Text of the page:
By Heather Douglas*
This article explores the sentencing response to defendants who have Foetal Alcohol Spectrum Disorder (FASD). FASD is the umbrella term for a range of effects that result from exposure to maternal alcohol consumption during gestation. Many who have this disorder have difficulty linking their actions to consequences, controlling impulses and remembering things and thus a diagnosis of FASD raises particular issues in sentencing. This article overviews the effects of FASD and the difficulties associated with its diagnosis. It then goes on to examine the appropriate aims of sentencing in FASD cases and addresses the question of whether, and if so in what circumstances, FASD should be perceived as a mitigating factor. The article concludes with a discussion of appropriate penalties for defendants who are diagnosed with FASD and makes some recommendations for increased education about the condition and increased access to resources for diagnosis and response to defendants diagnosed with FASD within the criminal justice system.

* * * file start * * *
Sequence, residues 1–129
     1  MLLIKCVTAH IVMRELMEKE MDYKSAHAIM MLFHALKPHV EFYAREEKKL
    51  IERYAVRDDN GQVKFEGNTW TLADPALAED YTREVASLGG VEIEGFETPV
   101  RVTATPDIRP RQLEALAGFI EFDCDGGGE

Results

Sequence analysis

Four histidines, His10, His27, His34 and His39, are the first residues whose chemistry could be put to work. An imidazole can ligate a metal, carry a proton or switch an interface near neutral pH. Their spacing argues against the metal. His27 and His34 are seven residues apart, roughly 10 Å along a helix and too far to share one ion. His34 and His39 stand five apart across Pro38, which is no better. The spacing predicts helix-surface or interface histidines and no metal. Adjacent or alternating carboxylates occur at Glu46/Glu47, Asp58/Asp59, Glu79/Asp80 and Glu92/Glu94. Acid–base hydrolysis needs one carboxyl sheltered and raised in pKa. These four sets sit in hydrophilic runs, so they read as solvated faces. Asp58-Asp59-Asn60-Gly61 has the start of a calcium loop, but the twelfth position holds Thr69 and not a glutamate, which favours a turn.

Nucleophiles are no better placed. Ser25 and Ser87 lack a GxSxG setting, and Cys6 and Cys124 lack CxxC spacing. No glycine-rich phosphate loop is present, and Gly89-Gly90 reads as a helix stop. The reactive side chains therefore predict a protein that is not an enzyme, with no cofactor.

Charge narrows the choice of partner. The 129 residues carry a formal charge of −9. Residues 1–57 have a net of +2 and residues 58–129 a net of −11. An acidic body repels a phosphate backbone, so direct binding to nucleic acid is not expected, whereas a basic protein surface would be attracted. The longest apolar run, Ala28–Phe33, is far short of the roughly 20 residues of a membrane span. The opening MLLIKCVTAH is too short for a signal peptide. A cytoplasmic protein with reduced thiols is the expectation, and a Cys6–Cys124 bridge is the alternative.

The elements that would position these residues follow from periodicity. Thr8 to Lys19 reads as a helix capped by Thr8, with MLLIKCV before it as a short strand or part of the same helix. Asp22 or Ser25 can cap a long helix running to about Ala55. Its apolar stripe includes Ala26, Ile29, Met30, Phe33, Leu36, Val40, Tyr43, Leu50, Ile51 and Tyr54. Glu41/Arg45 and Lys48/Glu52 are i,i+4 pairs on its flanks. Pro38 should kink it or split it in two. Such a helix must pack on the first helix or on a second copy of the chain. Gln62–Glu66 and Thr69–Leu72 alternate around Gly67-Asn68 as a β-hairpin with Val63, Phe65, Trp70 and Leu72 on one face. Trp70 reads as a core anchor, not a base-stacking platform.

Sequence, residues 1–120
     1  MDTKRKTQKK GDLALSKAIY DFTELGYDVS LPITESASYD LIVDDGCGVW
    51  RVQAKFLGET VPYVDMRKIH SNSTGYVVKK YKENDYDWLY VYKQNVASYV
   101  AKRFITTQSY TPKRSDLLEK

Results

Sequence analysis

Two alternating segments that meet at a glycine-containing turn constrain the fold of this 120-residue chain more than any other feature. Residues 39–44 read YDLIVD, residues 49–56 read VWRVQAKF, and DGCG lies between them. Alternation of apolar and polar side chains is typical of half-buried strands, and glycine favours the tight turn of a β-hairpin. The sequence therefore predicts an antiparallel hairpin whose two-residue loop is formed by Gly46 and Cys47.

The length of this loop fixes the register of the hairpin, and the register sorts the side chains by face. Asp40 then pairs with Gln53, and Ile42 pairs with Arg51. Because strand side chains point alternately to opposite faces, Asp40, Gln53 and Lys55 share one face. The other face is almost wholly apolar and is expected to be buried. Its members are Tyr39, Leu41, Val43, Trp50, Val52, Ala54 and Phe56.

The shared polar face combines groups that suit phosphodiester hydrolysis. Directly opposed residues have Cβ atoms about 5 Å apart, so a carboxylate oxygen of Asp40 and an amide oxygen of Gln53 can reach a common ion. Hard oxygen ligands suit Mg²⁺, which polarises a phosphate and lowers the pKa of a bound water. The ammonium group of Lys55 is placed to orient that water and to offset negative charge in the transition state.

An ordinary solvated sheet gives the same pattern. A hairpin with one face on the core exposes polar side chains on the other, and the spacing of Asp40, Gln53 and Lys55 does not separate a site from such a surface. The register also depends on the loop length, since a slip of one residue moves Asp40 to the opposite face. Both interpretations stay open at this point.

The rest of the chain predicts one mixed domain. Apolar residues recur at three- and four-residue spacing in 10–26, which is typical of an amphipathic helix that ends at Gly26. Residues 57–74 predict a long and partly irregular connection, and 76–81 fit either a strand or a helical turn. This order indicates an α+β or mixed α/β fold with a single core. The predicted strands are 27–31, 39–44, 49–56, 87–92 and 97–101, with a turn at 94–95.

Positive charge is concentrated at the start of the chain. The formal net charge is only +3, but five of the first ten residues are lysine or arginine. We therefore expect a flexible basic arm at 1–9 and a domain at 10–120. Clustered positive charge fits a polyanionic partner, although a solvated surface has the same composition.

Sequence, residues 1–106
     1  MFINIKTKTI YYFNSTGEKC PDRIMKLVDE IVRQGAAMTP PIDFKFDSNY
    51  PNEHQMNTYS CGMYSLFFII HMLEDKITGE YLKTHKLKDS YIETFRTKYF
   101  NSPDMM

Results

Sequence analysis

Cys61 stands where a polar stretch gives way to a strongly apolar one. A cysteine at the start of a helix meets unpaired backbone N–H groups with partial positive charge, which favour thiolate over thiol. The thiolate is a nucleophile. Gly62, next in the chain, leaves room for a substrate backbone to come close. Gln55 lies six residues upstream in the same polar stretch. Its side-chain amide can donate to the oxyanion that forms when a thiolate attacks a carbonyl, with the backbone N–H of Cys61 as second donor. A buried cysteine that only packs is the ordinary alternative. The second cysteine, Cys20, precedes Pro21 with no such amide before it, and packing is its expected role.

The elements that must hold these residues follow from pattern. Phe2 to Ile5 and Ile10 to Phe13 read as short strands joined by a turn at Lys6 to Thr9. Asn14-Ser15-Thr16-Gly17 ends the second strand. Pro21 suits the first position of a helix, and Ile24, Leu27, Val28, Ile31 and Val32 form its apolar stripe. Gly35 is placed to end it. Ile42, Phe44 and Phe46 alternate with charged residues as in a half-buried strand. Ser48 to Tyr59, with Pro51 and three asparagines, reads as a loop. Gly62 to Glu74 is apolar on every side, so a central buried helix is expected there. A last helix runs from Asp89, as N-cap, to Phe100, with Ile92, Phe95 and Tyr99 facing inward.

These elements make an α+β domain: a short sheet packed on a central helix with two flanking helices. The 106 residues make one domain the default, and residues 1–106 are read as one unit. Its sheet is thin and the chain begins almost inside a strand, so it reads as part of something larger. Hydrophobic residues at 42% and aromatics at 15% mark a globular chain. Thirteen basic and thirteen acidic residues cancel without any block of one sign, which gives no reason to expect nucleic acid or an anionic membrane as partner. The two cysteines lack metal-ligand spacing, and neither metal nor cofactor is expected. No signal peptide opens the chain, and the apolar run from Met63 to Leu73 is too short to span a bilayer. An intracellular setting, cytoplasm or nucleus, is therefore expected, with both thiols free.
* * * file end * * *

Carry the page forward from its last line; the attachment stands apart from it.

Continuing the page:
The full article can be accessed here: “The sentencing response to defendants with foetal alcohol spectrum disorder” (2010) 34 Crim LJ 221.
*Associate Professor, T C Beirne School of Law, The University of Queensland.